The Loan Charge has been a hot topic of debate over recent months in contracting circles and it’s not difficult to see why. HMRC are deliberately targeting thousands of workers who have used disguised remuneration schemes since 1999. This includes vast numbers of workers who moved to this type of solution following the introduction of off-payroll legislation within the public sector in 2017. HMRC have stepped up their efforts to recover taxes it deems to be owed and have been unethically avoided via these controversial schemes.
In this article we’ll explain the loan charge, its implications for contractors and why this highlights the importance of using compliant payroll solutions.
What is the 2019 Loan Charge?
The loan charge allows HMRC to collect taxes that it believes have been avoided through the use of disguised remuneration schemes. Contractors who have been paid via companies using loan schemes (often claiming to be legitimate umbrella companies) are within the scope of this legislation. Payments via these loan mechanisms will be treated as income and taxed accordingly.
Tax bills can go back to the 6th April 1999. Unless successfully challenged, payment of all tax is required by the 31st January 2020 (the self-assessment tax return deadline).
What has been the reaction?
To say the reaction to this move has been negative would be an understatement. The brutal reality is that the charge is causing major financial pain and potentially even bankruptcies due to the magnitude of the debts. This has resulted in a group of MPs launching a motion to fight the 2019 Loan Charge. They insist that it is fundamentally unfair. The group argue against retrospectively taxing individuals using schemes which were technically legal at the time. The motion states that many affected people would have been coerced and manipulated into using the schemes by unscrupulous third parties. In all likelihood the resistance will go nowhere, as HMRC is eager to clamp down hard on widespread tax avoidance.
How does the Loan Charge work?
All disguised remuneration schemes meeting the loan charge criteria have been taxed as income with effect from the 5th April 2019, at current income tax rates. This is instead of historic levels at the time the loans were transacted. Worse still, HMRC has the power to add extra interest to this debt in circumstances where it has historically opened up enquiries.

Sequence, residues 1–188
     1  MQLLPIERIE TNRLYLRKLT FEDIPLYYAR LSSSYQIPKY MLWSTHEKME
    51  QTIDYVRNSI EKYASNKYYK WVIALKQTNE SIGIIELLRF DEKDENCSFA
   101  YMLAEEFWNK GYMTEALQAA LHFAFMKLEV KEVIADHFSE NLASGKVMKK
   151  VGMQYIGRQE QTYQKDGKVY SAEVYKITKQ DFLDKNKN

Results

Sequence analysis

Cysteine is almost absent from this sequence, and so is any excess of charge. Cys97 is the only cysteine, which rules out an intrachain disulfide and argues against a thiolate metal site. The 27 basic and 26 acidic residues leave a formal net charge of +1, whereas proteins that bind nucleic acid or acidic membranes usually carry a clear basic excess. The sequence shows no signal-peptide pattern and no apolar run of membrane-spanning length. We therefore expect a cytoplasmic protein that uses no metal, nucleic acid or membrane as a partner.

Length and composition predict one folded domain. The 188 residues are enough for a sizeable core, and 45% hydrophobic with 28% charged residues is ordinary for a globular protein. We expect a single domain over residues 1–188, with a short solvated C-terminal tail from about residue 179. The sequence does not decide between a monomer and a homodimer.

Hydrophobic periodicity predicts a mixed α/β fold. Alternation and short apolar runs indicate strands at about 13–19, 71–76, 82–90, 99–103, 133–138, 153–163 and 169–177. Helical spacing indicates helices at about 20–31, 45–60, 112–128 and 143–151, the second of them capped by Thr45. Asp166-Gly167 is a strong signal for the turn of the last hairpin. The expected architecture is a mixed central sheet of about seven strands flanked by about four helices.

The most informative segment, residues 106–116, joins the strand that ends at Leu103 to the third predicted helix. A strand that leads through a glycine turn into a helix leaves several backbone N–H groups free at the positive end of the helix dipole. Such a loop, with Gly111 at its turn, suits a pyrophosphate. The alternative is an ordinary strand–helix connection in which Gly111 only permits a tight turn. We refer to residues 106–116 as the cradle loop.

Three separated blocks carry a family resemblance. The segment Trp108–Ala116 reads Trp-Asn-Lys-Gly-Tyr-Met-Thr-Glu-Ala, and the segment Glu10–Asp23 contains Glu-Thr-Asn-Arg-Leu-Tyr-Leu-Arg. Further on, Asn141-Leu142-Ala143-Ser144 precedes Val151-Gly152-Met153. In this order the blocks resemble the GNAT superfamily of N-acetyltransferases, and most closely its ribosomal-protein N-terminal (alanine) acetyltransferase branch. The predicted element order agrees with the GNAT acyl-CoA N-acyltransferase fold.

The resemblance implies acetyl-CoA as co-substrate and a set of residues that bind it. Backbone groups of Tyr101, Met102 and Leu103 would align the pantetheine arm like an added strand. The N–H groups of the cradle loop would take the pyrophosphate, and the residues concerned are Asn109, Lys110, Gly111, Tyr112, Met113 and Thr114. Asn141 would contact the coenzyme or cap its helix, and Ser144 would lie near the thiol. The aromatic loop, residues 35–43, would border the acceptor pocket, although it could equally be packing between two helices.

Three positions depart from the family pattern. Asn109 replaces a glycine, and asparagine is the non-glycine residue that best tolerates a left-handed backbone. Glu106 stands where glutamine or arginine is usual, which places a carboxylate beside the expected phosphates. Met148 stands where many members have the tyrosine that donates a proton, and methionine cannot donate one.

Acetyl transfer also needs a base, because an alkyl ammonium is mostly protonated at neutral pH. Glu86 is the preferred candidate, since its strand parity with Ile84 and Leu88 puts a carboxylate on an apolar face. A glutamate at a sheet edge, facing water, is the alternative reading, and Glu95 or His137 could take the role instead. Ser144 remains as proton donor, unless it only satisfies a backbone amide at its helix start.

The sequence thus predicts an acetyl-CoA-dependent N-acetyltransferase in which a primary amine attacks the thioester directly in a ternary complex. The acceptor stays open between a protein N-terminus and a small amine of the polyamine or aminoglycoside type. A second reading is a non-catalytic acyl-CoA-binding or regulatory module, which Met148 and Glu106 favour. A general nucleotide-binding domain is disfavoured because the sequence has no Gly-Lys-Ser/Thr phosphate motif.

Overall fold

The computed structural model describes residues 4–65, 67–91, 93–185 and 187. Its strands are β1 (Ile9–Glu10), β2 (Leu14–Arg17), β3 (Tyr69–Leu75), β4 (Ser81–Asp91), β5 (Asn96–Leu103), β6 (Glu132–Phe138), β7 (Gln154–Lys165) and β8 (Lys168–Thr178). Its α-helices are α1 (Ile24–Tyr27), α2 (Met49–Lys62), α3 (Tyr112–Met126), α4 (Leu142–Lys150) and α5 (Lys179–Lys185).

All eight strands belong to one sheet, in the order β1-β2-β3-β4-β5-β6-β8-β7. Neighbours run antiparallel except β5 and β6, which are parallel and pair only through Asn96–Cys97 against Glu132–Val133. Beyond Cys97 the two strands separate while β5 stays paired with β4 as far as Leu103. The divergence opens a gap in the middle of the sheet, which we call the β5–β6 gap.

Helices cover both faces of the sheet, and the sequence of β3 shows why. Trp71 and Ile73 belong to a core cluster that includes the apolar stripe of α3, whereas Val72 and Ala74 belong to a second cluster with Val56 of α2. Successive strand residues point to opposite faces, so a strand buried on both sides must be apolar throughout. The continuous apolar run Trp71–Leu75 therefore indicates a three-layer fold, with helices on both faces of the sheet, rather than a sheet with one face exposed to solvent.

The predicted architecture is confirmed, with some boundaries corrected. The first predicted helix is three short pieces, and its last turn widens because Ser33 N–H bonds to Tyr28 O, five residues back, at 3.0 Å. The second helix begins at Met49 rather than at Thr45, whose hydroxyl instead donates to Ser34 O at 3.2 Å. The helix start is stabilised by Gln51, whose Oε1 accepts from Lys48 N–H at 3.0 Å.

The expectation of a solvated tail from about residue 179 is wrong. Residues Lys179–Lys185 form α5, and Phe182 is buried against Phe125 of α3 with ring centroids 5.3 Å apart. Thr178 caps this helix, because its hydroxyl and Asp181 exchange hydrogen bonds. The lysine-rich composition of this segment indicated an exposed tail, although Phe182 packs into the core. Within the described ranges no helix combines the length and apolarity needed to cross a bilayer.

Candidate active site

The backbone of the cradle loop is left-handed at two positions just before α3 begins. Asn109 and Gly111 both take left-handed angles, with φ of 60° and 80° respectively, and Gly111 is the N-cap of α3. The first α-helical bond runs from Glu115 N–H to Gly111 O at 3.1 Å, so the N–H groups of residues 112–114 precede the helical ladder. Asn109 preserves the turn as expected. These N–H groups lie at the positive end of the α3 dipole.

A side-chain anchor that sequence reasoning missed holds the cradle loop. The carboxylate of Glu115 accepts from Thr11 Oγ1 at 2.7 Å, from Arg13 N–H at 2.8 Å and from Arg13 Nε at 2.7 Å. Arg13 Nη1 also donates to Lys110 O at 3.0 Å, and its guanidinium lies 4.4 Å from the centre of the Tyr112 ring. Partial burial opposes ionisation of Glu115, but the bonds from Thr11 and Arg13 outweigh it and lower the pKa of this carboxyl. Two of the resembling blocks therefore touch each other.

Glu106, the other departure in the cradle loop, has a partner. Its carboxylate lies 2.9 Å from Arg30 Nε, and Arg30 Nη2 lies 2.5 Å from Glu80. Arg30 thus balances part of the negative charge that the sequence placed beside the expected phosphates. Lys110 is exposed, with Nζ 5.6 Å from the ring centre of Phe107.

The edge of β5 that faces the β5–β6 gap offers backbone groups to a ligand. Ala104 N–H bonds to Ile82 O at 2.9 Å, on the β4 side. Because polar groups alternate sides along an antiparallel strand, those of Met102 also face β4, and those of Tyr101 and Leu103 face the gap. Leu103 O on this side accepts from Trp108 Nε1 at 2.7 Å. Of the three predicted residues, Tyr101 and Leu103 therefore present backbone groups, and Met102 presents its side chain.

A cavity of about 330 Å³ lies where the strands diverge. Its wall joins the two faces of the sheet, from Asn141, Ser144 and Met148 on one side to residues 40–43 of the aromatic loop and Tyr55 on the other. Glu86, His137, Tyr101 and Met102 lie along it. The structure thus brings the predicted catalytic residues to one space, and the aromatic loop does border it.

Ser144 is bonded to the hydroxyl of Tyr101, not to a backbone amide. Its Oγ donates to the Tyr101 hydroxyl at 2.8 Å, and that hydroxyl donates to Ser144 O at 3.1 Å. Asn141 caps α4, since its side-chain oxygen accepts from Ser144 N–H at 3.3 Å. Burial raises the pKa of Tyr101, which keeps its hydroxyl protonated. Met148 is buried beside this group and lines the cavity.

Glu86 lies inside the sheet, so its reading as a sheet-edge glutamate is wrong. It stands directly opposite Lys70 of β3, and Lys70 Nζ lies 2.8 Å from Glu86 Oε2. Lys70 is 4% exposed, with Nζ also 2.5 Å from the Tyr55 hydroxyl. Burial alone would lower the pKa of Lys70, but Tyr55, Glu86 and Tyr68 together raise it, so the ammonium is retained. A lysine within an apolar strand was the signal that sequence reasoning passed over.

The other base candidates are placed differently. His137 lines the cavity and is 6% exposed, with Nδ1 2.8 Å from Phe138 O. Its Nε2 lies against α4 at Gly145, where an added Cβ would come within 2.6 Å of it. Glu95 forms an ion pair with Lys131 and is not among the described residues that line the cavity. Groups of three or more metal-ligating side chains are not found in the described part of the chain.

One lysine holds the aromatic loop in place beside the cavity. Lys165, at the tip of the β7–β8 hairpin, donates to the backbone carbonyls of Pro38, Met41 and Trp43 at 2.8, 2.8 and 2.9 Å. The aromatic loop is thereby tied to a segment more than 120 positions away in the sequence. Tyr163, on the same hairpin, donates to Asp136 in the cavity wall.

A real-world example of disguised remuneration via a loan scheme:
- Mr Smith, an IT contractor, engages a non-compliant umbrella company provider. They promise to increase his take home pay compared to other umbrella providers available.
- The non-compliant provider gives reassurances to Mr Smith that they are fully compliant and that their scheme is totally above board.
- Mr Smith is paid £3000 for a month’s work and enters into an agreement between himself, the umbrella provider and a loan provider.
- A small nominal amount of the money due is paid to Mr Smith through PAYE with only minimal income tax and NI deductions made in accordance with the relevant thresholds.
- The balance of the money due is paid to Mr Smith in the form of a loan which is non-taxable. With the understanding between the parties that it will not be repaid. The tax liability of Mr Smith is greatly reduced, and umbrella and loan providers deduct their admin fees for the service.
The above process can continue over many years amassing huge monetary values (in many cases six figure sums) which have been paid out in the form of loans. Under the 2019 loan charge HUGE tax liabilities are incurred via these schemes.
What to do if affected?
If you find yourself in the unfortunate position of having been paid through schemes captured within the scope of the loan charge, you will need to move quickly in order to avoid making your situation worse. We would recommend seeking professional legal advice before taking any action. Professionals will be able to review your situation and help suggest the best possible action to take. It is vitally important that you DO NOT ignore the loan charge.
If you are currently using a loan scheme, it is advisable to leave it as soon as possible and move to a fully compliant umbrella company, where tax and NI is paid on all of your income.
If you find yourself being offered, enticed or pushed towards these schemes, avoid them. The simple rule is… if you are told that you will receive more than 70% of your gross pay, avoid at all costs!
Exceed Outsourcing offer a fully compliant umbrella solution with full income tax and national insurance deductions made, saving you totally unnecessary worry. Don’t just take our word for it; we have recently been accredited by Professional Passport who are the largest independent assessor of payroll solution compliance in the UK. This accreditation provides a clear, independent and credible guarantee of compliance. So, if you are affected by the loan charge carnage and looking for a simple, yet compliant solution for your contracting payroll needs, get in touch with us today.